I think this is a terrible idea. Ratings systems for art, even when they have good intentions, almost always limit natural creative expression in the long run. I think the Bechdel Test is helpful as a larger statistical snapshot of the problems with gender representation in media, but I worry that making the issue into a ratings system actually cheapens the role of female characters and oversimplifies the complexities that their stories should reflect. I was hoping we’d one day see a future in which movies just represented women well without a second thought, just like the case currently stands with men. I know we have a long way to go, but I think a tokenizing stamp of approval means we may never reach that point. Plus it gives fuel to the fire for people who misunderstand calls for equal representation as “political correctness.”

  • Hawkes006

    You know, I’m just now realizing how revenge based that movie was if you include the comic and book narratives. Stacker avenging his sister, Raleigh avenging his brother, hell even Tendo was avenging his grandfather…

  • Anonymous

    The Bechdel Test worked amazingly well in a comic strip but I’m not sure of its use outside of it. Sure, we can talk between us and say “it’s a starting point but has its flaws” but once it’s outside and is given an official status, what are the odds that this distinction won’t get lost? It might do more harm than good in the end.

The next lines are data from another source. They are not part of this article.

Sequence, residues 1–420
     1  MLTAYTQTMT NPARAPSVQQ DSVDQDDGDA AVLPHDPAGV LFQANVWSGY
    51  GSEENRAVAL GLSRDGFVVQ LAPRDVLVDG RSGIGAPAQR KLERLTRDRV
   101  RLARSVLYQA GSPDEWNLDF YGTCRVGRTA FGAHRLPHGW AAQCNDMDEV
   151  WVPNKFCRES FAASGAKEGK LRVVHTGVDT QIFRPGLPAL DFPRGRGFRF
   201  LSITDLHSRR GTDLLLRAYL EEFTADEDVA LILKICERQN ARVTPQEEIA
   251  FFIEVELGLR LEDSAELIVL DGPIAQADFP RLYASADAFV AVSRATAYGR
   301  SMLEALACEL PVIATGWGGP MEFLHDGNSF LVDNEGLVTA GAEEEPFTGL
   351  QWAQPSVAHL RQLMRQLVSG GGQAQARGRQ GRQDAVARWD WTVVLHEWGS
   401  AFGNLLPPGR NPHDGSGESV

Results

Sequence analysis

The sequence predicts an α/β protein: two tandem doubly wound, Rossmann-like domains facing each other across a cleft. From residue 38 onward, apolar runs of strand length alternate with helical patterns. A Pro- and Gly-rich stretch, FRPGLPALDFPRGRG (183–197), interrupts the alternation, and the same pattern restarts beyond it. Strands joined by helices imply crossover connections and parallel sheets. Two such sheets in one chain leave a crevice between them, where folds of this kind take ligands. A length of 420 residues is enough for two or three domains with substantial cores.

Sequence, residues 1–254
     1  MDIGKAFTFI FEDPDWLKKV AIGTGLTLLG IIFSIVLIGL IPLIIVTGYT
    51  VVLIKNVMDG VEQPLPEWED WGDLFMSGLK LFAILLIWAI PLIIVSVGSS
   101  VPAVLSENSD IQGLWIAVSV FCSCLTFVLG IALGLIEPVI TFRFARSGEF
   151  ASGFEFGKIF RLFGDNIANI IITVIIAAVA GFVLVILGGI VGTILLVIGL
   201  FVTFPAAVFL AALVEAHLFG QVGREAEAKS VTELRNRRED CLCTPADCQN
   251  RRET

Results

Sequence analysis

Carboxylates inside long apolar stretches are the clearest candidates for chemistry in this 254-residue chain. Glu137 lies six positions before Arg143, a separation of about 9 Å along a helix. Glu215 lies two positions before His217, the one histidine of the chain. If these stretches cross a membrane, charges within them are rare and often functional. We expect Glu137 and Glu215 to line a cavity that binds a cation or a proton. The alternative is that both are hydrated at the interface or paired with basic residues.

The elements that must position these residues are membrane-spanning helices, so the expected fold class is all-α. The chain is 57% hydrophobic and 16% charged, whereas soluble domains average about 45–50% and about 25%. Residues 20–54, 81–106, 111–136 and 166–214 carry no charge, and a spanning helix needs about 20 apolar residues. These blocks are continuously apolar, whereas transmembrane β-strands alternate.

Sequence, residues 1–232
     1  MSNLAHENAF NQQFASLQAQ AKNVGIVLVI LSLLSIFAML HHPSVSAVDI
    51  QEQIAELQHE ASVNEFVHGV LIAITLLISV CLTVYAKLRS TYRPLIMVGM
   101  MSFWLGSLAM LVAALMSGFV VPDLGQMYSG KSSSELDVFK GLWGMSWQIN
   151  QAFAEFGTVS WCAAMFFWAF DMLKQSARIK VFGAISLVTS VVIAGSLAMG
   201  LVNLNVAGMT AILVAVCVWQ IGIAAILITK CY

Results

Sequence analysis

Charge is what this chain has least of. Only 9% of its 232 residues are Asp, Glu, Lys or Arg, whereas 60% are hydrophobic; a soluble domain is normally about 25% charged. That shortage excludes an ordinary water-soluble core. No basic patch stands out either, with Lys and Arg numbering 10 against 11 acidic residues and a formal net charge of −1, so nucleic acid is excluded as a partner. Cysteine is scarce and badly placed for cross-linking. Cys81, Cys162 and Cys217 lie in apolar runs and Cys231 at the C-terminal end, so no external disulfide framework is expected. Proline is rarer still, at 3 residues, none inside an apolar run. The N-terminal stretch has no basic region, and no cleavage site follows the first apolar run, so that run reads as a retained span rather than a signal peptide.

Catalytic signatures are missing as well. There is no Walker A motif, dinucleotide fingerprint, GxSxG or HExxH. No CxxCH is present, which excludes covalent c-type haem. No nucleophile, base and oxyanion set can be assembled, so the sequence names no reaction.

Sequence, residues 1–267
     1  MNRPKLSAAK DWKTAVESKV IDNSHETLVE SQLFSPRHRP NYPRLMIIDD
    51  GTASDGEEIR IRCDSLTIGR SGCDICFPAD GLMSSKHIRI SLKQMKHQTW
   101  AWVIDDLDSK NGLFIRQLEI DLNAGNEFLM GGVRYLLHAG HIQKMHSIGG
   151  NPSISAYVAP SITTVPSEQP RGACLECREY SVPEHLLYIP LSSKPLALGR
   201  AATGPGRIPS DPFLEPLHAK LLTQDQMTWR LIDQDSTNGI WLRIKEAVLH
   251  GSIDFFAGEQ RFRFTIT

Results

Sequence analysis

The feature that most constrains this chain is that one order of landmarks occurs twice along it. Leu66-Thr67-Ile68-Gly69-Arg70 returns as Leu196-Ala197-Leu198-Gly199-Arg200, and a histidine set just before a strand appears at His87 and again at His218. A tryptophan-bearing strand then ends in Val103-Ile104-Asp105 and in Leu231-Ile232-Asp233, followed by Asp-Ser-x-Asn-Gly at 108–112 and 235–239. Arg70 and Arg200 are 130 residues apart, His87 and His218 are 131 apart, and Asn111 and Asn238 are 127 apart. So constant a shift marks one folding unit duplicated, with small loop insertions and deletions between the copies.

• Guest

    I would argue that no, she doesn’t exist purely to support Raleigh’s arc. They exist to serve each other. Her goal of avenging her family requires a partner. Raleigh’s conquest of grief / guilt requires a partner. The film shows how two scarred people came together and bonded to overcome their own internal struggles.

    I’d also argue against the paternalism. She says, “It’s not obedience, it’s respect.” She views him as an honored teacher. And Raleigh defending her honor only shows how much he supported her equality and ability, not his lack of confidence that she couldn’t defend herself. Mako is reserved and holds her anger in check, which is why she doesn’t feel the need to lay the smack down. She clearly feels above that. Raleigh flies off the handle at every chance, it’s just his nature.

  • Voodoo Darling

    I’d say no, she doesn’t exist purely to support Raleigh’s arc. They exist to serve each other. Her goal of avenging her family requires a partner. Raleigh’s conquest of grief / guilt requires a partner. The film shows how two scarred people came together and bonded to overcome their own internal struggles.

    I’d also argue against the paternalism. She says, “It’s not obedience, it’s respect.” She views him as an honored teacher. And Raleigh defending her honor only shows how much he supported her equality and ability, not his lack of confidence that she couldn’t defend herself. Mako is reserved and holds her anger in check, which is why she doesn’t feel the need to lay the smack down. She clearly feels above that. Raleigh flies off the handle at every chance, it’s just his nature.

  • Rebecca Pahle

    “Isn’t it all in support of Raleigh’s arc though? It’s all about getting him a drift compatible co-pilot to replace his brother.”

    By that standard you could say that Raleigh’s arc is just in support of Stacker’s arc, since Stacker’s arc is saving the Earth. All of them are interconnected, but Mako’s quest to become a Jaeger pilot is by and for herself.

    We see Mako’s character quite differently. She wasn’t just obeying Stacker because “Dad said no!” It’s explicitly stated that she made the conscious choice to respect his wishes. It’s maybe not the most guns a’blazing, badass, warrior princess choice she could’ve made, but it doesn’t make her any less of a well-developed character. As we’ve said here on the site tons of times, there’s no one way to be a strong (read: well-written) female character.

  • http://thescienceofobsession.tumblr.com/ R.O.U.S.